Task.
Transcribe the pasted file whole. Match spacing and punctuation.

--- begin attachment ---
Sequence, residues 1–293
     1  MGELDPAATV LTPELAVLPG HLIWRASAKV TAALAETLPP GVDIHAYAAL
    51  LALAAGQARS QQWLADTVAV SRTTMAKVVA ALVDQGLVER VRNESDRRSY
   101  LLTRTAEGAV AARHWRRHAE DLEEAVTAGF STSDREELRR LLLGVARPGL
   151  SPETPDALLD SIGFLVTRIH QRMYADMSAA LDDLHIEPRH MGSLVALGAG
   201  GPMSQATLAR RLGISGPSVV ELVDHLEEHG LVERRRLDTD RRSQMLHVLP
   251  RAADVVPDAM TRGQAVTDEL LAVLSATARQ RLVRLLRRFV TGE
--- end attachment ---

Sequence, residues 1–293
     1  MGELDPAATV LTPELAVLPG HLIWRASAKV TAALAETLPP GVDIHAYAAL
    51  LALAAGQARS QQWLADTVAV SRTTMAKVVA ALVDQGLVER VRNESDRRSY
   101  LLTRTAEGAV AARHWRRHAE DLEEAVTAGF STSDREELRR LLLGVARPGL
   151  SPETPDALLD SIGFLVTRIH QRMYADMSAA LDDLHIEPRH MGSLVALGAG
   201  GPMSQATLAR RLGISGPSVV ELVDHLEEHG LVERRRLDTD RRSQMLHVLP
   251  RAADVVPDAM TRGQAVTDEL LAVLSATARQ RLVRLLRRFV TGE